U.S. stock traders hold big bets ahead of Powell
Stock traders remained hesitant to make huge bets ahead of Jerome Powell’s speech on Friday, which could provide clues about how hawkish the Federal Reserve will be in the face of mounting economic challenges.
After wandering aimlessly earlier on Wednesday, the S&P 500 posted a small gain. For a second day in a row, the benchmark’s swing was capped at less than 1%. Such a period of intraday calm has only occurred three other times in 2022. Tesla Inc., which is set to trade on a split-adjusted basis on Aug. 25, pared most of its previous rally. 10-year Treasury yields topped 3% amid Fed jitters.
Those fears haven’t really gone away despite the controversial narrative of pivot dovish being cited as one of the reasons for the rebound in short coverage from the June lows. In fact, just before the all-important Jackson Hole conference to be attended by Powell and global policymakers, traders had to digest more hawkish rhetoric. Minneapolis Fed Bank President Neel Kashkari said late Tuesday that it was “very clear” that officials needed to tighten pressures and bring inflation under control.
“We don’t expect a hyper-aggressive Volcker-style articulation from Powell or anyone else for that matter,” said Troy Gayeski, chief market strategist at FS Investments, referring to former Fed Chairman Paul Volcker who tipped the economy into recession to beat inflation in the 1980s. “However, it is very clear that the recovery from the June low is going directly to against what the Fed is trying to achieve, which is tougher financial conditions to slow economic growth and slow inflation, so they need to push back and they clearly have.
Economic reports were mixed at best, underscoring the delicate task facing policymakers to bring down high inflation without triggering a recession. Wednesday’s data showed U.S. pending home sales fell to their lowest since the pandemic began. As orders to U.S. factories for core capital goods beat forecasts, that could change in the coming months due to rising borrowing costs and uncertainty about growth prospects .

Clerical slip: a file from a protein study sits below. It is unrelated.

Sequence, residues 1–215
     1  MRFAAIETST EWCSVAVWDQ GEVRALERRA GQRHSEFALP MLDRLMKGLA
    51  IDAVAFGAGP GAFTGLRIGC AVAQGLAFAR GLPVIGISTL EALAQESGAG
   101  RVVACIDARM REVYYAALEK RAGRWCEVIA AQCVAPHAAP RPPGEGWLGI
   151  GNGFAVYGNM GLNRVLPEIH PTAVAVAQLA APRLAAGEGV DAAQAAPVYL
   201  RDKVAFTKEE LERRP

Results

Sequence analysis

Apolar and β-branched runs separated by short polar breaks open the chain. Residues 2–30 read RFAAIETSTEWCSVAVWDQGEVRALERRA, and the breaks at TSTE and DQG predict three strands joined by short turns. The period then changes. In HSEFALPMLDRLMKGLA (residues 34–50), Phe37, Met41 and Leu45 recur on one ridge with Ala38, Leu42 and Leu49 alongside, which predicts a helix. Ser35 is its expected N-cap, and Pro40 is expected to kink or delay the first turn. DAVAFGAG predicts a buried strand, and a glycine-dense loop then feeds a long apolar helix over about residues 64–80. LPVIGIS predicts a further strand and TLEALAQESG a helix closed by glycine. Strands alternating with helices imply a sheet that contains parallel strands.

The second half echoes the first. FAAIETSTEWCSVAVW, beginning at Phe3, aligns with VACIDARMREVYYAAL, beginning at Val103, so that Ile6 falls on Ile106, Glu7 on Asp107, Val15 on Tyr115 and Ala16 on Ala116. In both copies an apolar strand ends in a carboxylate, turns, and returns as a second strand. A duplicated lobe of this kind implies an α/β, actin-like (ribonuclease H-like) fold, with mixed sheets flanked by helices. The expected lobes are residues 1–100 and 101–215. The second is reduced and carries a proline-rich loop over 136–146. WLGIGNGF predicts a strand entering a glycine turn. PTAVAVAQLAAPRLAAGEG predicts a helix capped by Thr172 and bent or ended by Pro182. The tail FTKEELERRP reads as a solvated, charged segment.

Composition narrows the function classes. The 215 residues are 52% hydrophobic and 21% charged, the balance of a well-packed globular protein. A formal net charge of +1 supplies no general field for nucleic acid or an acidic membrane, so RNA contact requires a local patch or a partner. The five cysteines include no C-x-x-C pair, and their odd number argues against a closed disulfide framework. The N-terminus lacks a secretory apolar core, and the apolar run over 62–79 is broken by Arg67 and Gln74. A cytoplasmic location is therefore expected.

According to Nobel laureate in economics Joseph Stiglitz, central banks that raise borrowing costs too aggressively to rein in supply-driven inflation risk exacerbating price gains. In the meantime, Guggenheim Partners Chief Investment Officer Scott Minerd is warning investors against junk bonds and stocks as slowing economic growth and rising interest rates will likely lead to bigger losses on risky markets.
In company news, Peloton Interactive Inc. has rallied after agreeing to offer bikes and accessories on Amazon.com Inc. as part of a turnaround plan. Bed Bath & Beyond Inc. surged after a report said the homewares retailer had selected a lender to provide financing as it sought to boost its liquidity. Nordstrom Inc. fell after the retailer slashed its full-year outlook.
What to watch this week:
- US GDP, first jobless claims, Thursday
- The Kansas City Fed is hosting its annual economic policy symposium in Jackson Hole, Wyoming on Thursday
- ECB July Minutes, Thursday
- Fed Chairman Powell speaks in Jackson Hole on Friday
- US Personal Income, PCE Deflator, University of Michigan Consumer Sentiment, Friday
Some of the major movements in the markets:
- The S&P 500 rose 0.3% at 4 p.m. PT
- The Nasdaq 100 rose 0.3%
- The Dow Jones Industrial Average rose 0.2%
- The MSCI World index was little changed
- The Bloomberg Dollar Spot Index was little changed
- The euro remained unchanged at US$0.9970
- The British pound fell 0.3% to settle at US$1.1799
- The Japanese yen fell 0.2% to 137.10 per dollar
- The yield on 10-year Treasury bills rose six basis points to 3.11%
- Germany’s 10-year yield rose five basis points to 1.37%
- The UK 10-year yield rose 12 basis points to 2.70%
- West Texas Intermediate crude rose 1.6% to US$95.28 a barrel
- Gold futures rose 0.2% to US$1,765.20 an ounce